A Day in Pasadena

The weather was nice on Saturday. Since we usually don’t have a long workout on Saturdays. We often plan to visit some places locally during this pandemic crisis. After all, we have being stayed at home too long. It is good to just scroll around local towns and get some inspiration, So far, we have visited DTLA China Town and Little Tokyo, so we decided to visit Pasadena this Saturday.

A little bit information about Pasadena here. Pasadena is a city in California, northeast of downtown Los Angeles. In the center, Old Pasadena is a shopping and dining district known for its Victorian and art deco buildings. The strikingly modern Norton Simon Museum houses notable European and Asian art, plus a sculpture garden. The Rose Bowl is a sports stadium known for hosting the Rose Bowl Game, an annual college football clash usually held on January 1. Read on to enjoy the local journey with us.

We had a scenic drive around Arroyo Seco area. The Arroyo Seco Bridge is pretty amazing. With its majestic arches rising 150 feet above the deeply cut Arroyo Seco, the Bridge was proclaimed the highest concrete bridge in the world upon completion in 1913.  The bridge impressed travelers from the day it opened.  Until then, the crossing of the Arroyo Seco required horses and wagons to descend the steep eastern slope, cross a small bridge over the stream, and then climb the west bank through Eagle Rock Pass.  Given this harsh topography, the Colorado Street Bridge proved a challenge to design and build.  Solid footing eluded engineers in the seasonally wet arroyo bed. Hopefully, we are able to get a better video when we drive through again. In case, you want to take a “country-in-the-city walk, check out this article from LA Times.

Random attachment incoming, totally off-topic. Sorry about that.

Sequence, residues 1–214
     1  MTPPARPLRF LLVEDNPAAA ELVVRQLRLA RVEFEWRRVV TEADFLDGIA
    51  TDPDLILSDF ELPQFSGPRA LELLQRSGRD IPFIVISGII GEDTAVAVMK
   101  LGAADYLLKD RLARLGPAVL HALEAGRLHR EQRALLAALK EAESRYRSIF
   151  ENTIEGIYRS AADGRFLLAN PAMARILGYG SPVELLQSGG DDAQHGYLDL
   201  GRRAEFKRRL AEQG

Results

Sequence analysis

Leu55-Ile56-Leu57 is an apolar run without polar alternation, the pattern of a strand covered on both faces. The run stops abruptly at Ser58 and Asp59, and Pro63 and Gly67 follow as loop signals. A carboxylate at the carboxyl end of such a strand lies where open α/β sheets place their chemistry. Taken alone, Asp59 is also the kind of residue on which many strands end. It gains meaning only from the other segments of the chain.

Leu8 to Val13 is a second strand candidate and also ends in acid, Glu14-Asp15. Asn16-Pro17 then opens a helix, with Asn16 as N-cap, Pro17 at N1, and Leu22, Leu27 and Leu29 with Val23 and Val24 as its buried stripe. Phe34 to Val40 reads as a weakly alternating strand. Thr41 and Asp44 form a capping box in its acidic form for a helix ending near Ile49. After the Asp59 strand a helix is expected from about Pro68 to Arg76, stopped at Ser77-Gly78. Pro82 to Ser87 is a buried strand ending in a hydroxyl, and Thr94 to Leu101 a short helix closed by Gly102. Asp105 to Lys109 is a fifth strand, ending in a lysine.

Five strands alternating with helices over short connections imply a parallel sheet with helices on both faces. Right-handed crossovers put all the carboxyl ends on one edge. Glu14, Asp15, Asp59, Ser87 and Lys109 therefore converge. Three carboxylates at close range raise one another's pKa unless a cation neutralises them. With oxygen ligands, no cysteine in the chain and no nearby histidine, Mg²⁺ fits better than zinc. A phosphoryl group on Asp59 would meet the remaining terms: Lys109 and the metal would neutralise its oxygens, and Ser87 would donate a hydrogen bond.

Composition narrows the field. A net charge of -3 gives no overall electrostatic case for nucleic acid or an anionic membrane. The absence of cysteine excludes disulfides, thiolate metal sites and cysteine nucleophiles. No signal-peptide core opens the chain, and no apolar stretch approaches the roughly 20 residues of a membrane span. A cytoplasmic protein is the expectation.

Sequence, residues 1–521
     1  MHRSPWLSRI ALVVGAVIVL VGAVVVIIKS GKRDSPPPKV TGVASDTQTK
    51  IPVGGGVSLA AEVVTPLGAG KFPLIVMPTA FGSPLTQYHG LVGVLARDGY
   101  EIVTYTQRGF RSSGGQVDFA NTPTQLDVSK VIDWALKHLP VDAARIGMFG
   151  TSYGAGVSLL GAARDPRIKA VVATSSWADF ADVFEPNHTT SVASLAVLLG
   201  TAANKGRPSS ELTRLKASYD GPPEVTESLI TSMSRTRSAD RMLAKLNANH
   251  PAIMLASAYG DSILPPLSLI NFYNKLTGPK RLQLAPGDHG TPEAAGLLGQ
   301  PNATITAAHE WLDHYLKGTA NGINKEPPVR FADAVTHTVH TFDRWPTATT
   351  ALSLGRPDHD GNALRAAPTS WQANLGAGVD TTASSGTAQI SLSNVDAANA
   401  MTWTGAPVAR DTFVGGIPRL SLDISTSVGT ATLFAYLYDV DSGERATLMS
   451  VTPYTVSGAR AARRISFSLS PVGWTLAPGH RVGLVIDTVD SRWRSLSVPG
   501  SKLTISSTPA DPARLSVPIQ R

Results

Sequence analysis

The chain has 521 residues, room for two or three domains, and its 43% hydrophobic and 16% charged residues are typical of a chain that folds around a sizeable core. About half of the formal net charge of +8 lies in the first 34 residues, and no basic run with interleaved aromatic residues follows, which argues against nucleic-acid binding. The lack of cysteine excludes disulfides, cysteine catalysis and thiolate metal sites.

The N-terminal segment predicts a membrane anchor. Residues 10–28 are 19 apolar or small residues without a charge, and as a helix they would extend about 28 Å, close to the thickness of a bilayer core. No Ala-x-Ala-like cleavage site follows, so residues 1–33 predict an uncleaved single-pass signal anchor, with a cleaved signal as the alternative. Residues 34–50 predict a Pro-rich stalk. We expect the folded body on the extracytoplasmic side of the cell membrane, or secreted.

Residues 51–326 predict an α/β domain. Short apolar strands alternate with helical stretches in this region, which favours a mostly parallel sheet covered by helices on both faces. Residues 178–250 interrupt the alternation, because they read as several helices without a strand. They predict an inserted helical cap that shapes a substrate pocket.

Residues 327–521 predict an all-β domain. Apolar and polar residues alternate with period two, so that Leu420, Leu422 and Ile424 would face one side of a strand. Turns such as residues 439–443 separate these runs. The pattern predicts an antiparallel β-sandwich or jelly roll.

Then we stopped by ArtCenter of College Design to take a photo with its famous Mural wall outside of the campus.

Continue reading

A Little Weekend Local Get-away

 

Our Saturdays are all about exploration.  Specially in the new normal under the current pandemic, we will have to get out to nature as much as we can to take good care of  our wellness physically and mentally.   Since locked-down in March, we haven’t been to DTLA. We decided to have a morning hiking in Historic State Park and  go to visit new Proper Hotel in DTLA.  Here is our little weekend journey.

State Historic Park

Saturday’s visit to SHP is our first time . We were really amazed by this 34-acres  park , where rail-yards thrilled long time ago.   Often referred to as “Central Park of Los Angeles,”  the park occupies acreage just north of Chinatown between the L.A. River and the Elysian Hills, where pobladores who journeyed from Mexico and later arrivals from Europe, Asia and the United States drew their water. It was where, beginning in 1876, a generation of migrants from points east ended their rail sojourns to California, disembarking at the Southern Pacific Railroad’s River Station. With the dawn of the 20th century, it was where the town became an industrial city as the depot, restaurants and hotels gave way to rail yards and switching stations. It became known as the Cornfields, although there was scant evidence that corn ever grew there. You can click here to read more.

 

IMG_5588

The public arts in the park are just mind-blowing. One of  the public art inside the park includes this  “Origins,” in above picture,  a sculptural piece by Debra Scaccothat was inspired by the nearby L.A. River. “When I conceived the piece, it was particularly with this patch of land in mind because it really is about the changing courses of the river and the changing courses of this site, the original Zanja Madre,” says Scacco. “There’s a particular relevance to it and I’m delighted that it’s going to live here.”  The material  he used here is mirrored steel to reflect water rippling.

 

 

1IMG_7170

Continue reading